This follows a court hearing on June 12 where two gate companies were heavily fined for health and safety breaches that resulted in the death of a child in 2010. Karolina Golabek (5) was crushed by a gate that did not meet British and European safety standards.
With encouragement from the Health & Safety Executive (HSE), the Door & Hardware Federation (DHF) set up its Powered Gate Group on behalf of the UK gate automation industry following the tragedy.
Since then the DHF has played a key role in dramatically raising safety standards within the industry. It has developed the DHF Guide to Powered Gate Safety, which has been endorsed by the HSE. It has set up a stringent two-day gate safety training course which more than 120 automated gate installers have successfully completed.
And it is promoting Gate Safety Week, a week of action designed to alert the public of the need to be aware of the risks posed by poorly installed and badly maintained powered gates.
DHF Powered Gate Group chairman Neil Sampson said:
“Our hearts go out to the families involved in this tragedy. As an industry we are determined that a tragic accident like this will never happen again.
“To that end, the DHF Powered Gate Group and its members are working towards responsible regulation of our industry that will encompass thorough training, registration of automated gate installers, and inspection of gates to ensure they meet current safety standards.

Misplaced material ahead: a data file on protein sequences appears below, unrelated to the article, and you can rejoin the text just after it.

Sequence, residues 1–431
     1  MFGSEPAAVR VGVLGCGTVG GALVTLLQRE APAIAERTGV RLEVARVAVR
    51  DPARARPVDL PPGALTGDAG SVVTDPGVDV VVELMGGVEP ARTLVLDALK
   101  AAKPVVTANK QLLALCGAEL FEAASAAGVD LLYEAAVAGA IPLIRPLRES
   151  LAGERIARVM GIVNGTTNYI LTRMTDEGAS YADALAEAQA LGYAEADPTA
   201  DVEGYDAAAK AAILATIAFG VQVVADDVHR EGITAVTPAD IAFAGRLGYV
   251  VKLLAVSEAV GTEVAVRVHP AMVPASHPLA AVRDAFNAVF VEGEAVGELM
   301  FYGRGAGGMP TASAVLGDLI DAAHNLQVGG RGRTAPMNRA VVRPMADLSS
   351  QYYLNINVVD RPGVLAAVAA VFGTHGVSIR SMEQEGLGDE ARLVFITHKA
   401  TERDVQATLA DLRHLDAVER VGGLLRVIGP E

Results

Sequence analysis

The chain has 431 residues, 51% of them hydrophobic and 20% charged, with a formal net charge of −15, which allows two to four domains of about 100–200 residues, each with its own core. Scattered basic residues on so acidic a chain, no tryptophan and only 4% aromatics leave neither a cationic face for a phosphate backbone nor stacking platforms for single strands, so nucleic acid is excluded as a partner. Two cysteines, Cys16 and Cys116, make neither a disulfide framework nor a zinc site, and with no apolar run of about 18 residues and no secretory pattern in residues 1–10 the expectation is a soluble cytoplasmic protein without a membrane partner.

“We insist that all automated gates are installed and maintained exclusively by qualified and trained installers and engineers.”
• More than two thirds of all automated gates installed in the UK do not comply with latest legislation and could pose a serious risk.
• The DHF Powered Gate Group now has 68 members who are the leading UK and European manufacturers, suppliers, installers and maintainers of powered gates and gate automation equipment.
• By the end of this year the number of installers to have successfully completed the powered gate safety diploma course will have doubled to 240.
• Every member company called to maintain an automated gate carries out a risk assessment before work starts. If the gate poses a danger, the engineer will switch off the gate motor, issue a warning letter to the gate owner and affix a “danger” notice to the gate.
• Following this court case, the HSE said no one should install or work on automated gates without knowing the relevant safety standards or without having the right equipment to check the gates are safe. And it called on those responsible for managing properties with automatic gates to ensure they are properly maintained by competent personnel.
• Gate Safety Week is being held on October 13 - 19. A number of influential organisations in the safety, enforcement, inspection, education and security sectors will be lending their support to the campaign in the coming weeks.
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